Using personal computers and the Internet, scientists at the University of California at Berkeley plan to build a gigantic global "brain" to analyze interstellar radio signals for signs of life. If all those who have signed up for the software actually participate, SETI@home would represent the biggest radio search ever attempted. "We might get a million people involved in this project," said Dan Werthimer, an astronomer at Berkeley's Space Sciences Laboratory who is helping to run the project. "Everybody is curious, everybody wants to know if there is life out there. This is a neat way of letting them participate in the hunt."
Long a staple of big budget science fiction movies, the search for extraterrestrial intelligence - "SETI" for short - has usually been depicted as a job for professionals in control of huge telescopes. SETI@home aims to change all that.
Just a dot com away
By using "distributed computing," a new way of linking individual computers over the Internet, virtually anyone with a desktop PC could begin hunting for aliens.
"Distributed computing is one of the Holy Grails of computer science," said project director David Anderson, a computer scientist. "If it works, it could be 100 times faster than the fastest current supercomputer."
The SETI@home system would use the Internet to send individual computers chunks of raw data obtained from the Arecibo radio telescope in Puerto Rico, the largest "ear" to space that mankind has ever built.
Arecibo's huge dish scans the skies looking for radio waves that might have been produced by alien intelligence.
"We've been leaking television shows and radio programs into space for decades," Werthimer said. "Maybe somebody out there is doing the same - either sending out signals on purpose, or just leaking them the way we are."
The huge volume of radio data that must be analyzed has long been one of the main stumbling blocks for SETI projects. Even with fast new supercomputers able to complete as many as 200 billion operations per second, the number crunch has been a slow grind that leaves scientists frustrated.
That is where distributed computing comes in. Made possible by the rapid growth of the Internet, it allows scientists to break down large computing problems and distribute them through networks of smaller computers. Each computer solves its own small part of the puzzle, then feeds its answers back into the main computer to build an overview.
Distributed computing has been used in earlier projects including efforts to crack encryption codes and to figure out large prime numbers. But SETI@home will use it for a something that everyone can appreciate - resolving one of the biggest mysteries of the universe.
"We are confident that Earth's civilization is not the only one," said Bulgarian astronomer Veselka Radeva, who has signed up for SETI@home. "It is only a question of time to understand where and who are the other intelligent creatures in the universe."
Project managers say the users who have signed up for SETI@home range from a 12-year-old in the Philippines to Silicon Valley computer professionals. One of them, one day, may be lucky enough to retrieve Arecibo signals that indicate life exists in the stars.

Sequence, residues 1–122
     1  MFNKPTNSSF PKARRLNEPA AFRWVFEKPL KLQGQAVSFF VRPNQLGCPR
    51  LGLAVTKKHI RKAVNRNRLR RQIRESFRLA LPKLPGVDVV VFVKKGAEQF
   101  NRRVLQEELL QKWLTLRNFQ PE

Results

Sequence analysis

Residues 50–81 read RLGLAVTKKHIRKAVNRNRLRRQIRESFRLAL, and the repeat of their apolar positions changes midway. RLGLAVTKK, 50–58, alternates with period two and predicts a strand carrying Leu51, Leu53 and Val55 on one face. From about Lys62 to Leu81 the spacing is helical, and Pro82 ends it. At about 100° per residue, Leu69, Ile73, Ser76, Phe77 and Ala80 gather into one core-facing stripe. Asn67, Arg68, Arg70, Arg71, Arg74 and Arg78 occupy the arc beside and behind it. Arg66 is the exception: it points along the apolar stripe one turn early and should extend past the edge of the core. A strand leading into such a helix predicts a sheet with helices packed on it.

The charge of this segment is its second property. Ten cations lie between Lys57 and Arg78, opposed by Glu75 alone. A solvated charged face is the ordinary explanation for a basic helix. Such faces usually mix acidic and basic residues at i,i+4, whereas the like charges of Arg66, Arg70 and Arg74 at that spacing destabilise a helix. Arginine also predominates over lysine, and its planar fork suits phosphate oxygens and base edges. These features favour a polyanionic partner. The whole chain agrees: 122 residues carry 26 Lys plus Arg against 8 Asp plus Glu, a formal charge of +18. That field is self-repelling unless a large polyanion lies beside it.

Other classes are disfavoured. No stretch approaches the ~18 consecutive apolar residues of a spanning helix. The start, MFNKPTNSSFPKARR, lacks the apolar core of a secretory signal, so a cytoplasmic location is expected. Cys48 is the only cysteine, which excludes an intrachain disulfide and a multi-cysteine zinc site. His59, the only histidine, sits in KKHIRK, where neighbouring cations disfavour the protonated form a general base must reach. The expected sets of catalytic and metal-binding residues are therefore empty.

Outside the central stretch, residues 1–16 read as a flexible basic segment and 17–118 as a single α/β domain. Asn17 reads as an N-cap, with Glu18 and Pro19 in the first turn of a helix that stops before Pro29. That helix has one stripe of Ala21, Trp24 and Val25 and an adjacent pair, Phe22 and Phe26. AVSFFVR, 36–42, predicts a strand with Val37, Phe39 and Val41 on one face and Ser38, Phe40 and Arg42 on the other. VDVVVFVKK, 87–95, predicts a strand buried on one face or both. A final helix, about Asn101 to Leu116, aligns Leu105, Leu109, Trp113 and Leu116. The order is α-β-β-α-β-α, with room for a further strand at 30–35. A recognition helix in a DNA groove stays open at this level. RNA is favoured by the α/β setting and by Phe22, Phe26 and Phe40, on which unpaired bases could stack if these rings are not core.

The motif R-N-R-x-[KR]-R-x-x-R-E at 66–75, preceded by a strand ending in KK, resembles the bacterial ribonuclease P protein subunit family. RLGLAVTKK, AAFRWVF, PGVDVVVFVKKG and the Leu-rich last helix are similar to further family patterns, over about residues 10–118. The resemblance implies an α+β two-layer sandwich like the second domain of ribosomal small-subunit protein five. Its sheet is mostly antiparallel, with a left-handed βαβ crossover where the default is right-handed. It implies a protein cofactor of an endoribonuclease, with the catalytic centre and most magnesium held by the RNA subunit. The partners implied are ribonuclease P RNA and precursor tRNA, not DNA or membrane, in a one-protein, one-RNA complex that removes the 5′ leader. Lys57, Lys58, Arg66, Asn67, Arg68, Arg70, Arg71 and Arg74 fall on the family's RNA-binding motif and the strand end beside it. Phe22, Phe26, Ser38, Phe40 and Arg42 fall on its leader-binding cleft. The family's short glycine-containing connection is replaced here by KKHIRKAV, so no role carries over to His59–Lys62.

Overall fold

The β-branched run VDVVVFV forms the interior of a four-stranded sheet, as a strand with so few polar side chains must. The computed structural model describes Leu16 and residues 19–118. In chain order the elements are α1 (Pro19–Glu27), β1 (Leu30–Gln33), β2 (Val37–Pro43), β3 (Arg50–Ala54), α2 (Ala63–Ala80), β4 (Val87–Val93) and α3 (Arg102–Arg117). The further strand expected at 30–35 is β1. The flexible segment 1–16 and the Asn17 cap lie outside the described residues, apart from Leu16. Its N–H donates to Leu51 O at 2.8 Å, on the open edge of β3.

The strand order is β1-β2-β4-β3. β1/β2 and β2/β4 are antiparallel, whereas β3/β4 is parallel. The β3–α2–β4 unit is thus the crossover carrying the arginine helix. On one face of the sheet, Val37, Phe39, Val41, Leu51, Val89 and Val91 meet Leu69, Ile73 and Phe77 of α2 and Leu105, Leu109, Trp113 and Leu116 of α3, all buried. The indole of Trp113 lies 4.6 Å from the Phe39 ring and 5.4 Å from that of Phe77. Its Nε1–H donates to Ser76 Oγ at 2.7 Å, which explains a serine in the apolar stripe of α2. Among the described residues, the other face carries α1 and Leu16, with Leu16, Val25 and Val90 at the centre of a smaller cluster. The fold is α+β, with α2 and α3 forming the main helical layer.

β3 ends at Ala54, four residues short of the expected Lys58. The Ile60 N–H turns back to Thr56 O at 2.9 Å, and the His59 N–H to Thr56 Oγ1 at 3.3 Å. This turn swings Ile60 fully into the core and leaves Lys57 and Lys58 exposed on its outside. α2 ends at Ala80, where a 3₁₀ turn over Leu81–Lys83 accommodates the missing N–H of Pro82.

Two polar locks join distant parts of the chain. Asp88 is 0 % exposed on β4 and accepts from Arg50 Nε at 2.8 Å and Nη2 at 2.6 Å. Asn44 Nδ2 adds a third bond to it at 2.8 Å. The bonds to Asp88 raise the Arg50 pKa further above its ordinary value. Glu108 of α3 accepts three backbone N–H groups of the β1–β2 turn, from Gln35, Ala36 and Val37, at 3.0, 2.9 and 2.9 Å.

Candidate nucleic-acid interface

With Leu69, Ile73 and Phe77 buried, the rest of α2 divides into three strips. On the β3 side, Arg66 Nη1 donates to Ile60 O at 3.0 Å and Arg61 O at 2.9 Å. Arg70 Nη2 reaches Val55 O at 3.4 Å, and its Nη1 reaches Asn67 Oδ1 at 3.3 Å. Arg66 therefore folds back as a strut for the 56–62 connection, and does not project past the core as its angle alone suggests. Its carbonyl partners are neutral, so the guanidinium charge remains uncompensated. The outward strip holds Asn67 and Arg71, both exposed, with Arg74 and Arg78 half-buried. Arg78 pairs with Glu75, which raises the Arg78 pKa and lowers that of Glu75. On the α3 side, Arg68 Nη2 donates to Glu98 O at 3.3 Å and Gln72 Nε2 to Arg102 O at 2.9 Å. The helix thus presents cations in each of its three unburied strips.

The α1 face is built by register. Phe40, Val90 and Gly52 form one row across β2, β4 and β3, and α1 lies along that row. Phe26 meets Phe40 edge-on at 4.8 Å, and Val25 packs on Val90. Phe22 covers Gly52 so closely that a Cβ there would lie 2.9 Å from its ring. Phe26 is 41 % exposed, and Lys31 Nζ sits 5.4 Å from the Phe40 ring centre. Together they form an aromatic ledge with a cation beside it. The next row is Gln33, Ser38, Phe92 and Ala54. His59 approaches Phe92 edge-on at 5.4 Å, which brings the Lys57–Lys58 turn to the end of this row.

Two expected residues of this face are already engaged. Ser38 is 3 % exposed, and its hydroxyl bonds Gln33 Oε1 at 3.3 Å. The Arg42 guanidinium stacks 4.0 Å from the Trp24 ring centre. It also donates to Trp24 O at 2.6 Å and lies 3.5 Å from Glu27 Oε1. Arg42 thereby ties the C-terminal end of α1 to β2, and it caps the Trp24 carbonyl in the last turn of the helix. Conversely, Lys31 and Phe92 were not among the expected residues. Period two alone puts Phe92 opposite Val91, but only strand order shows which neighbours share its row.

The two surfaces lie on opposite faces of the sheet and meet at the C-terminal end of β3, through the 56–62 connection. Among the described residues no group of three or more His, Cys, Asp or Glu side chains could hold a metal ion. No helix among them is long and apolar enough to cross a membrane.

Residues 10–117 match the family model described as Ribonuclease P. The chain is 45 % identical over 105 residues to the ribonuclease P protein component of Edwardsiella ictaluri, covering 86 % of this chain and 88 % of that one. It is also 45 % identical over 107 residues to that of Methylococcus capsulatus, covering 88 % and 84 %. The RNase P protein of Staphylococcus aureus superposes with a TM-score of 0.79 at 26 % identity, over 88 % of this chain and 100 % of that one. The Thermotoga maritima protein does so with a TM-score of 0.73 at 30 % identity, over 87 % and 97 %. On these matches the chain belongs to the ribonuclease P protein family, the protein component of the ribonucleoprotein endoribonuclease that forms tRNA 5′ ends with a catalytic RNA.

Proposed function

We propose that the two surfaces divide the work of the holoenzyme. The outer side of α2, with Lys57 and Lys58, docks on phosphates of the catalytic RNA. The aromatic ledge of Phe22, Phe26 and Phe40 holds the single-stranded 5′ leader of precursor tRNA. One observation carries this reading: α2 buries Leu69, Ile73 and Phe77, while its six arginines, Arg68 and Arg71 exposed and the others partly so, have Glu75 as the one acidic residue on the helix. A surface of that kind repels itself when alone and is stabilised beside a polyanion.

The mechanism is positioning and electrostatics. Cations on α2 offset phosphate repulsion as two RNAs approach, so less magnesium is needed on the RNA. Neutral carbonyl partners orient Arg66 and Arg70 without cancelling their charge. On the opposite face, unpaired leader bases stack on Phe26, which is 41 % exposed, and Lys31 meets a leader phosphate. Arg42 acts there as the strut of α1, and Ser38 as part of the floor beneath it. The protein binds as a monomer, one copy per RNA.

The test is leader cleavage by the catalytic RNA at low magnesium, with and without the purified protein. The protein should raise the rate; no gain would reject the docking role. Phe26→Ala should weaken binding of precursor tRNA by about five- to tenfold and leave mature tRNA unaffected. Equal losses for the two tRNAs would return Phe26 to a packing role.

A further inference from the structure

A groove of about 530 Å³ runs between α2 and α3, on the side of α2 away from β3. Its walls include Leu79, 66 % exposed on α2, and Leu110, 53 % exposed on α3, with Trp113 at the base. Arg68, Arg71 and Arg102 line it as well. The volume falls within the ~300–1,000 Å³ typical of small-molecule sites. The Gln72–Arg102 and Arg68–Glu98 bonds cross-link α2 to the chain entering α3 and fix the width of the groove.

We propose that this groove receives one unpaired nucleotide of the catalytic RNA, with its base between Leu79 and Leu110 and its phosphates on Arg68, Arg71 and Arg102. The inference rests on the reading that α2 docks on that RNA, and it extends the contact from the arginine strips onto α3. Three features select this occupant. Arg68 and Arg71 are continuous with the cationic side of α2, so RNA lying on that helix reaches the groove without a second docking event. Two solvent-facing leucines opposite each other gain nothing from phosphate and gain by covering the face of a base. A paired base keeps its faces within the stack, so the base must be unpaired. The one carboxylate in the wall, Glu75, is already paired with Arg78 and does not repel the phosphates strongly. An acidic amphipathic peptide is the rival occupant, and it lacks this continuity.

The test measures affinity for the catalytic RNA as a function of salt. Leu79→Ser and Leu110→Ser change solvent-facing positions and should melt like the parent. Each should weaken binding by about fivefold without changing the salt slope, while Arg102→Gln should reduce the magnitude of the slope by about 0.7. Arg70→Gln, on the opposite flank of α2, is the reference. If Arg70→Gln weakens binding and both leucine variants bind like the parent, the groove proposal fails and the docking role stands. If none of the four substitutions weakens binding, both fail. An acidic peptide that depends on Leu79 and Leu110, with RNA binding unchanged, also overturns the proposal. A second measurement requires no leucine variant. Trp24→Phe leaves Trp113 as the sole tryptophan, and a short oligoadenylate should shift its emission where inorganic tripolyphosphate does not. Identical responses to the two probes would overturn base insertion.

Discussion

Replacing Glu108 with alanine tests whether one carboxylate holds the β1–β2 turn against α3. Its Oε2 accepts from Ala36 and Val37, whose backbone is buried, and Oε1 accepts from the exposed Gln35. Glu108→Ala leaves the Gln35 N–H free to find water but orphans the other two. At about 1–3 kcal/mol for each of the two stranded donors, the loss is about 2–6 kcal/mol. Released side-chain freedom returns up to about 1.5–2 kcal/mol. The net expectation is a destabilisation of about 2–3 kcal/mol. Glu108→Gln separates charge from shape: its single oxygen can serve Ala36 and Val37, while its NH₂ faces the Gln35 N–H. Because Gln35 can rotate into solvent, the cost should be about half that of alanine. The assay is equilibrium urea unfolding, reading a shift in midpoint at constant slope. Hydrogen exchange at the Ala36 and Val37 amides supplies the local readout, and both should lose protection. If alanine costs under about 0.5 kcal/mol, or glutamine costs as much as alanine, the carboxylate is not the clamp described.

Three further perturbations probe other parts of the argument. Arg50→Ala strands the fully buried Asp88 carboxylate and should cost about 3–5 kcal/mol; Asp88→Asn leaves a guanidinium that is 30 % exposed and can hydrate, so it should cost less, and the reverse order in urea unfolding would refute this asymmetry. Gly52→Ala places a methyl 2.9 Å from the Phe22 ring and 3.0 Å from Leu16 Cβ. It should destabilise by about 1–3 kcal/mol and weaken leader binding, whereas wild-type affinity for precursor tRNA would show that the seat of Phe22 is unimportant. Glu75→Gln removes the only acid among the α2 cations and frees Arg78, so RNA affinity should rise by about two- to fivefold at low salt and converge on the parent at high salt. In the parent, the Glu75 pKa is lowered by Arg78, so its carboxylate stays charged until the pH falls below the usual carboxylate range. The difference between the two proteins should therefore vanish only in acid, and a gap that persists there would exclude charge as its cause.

"They won't know right away if their clunker was the one that found the extraterrestrial," Werthimer said, noting that the data would have to be rechecked and reanalyzed at project headquarters in Berkeley.
"But after the checks, and if we confirm it again, they will definitely get the credit for the discovery."
For that chance, project participants will not be asked to do much. Once the project is running, they will be able to visit the SETI@home Web site and download an analysis program and their first chunk of radio data from Arecibo.
Their personal computers will then begin searching through space in their free time. Appearing as a common "screen saver," the SETI program will kick in when the computer is idle and will not affect its normal operations.
"It will all happen automatically. You won't even know it is working on it," Werthimer said. When the computer finishes combing over its first block of data, it will connect back with the main project computer in Berkeley, send the data back, and get a new data package to work on.
"Everybody gets a little part of the sky, their own little bit of the information," he said. "There are 400 billion stars in our galaxy ... we need all the computing power we can get."
Even as he works on the SETI@home project, Werthimer is deeply involved in the SETI search as chief scientist for Project Serendip.
Casting a broader Net
Werthimer's project meshes with other SETI efforts, such as those conducted by the privately funded SETI Institute. The California-based SETI Institute is currently preparing for a weeks-long observing session at Arecibo, using different equipment and a different approach.
While the institute concentrates on a targeted search of nearby sunlike stars considered likely candidates for alien intelligence, Serendip takes a broad look at the sky in hopes that someone, somewhere, might be sending something our way. Serendip would provide the raw data to be analyzed by SETI@home's distributed network. The bulk of the estimated $200,000 still required before SETI@home's launch would pay for the expensive magnetic tapes used to record incoming radio data at Arecibo, organizers said.
Once the system is up and running, the key to success will be the participation of tens of thousands of E.T. buffs who are willing to use their personal computers for something other than e-mail.
"I'm optimistic on life on the universe. It would just be bizarre if we were the only ones," Werthimer said. "It might be that there is a galactic community out there and they are all talking to each other ... but we humans are just learning how." Reuters contributed to this story.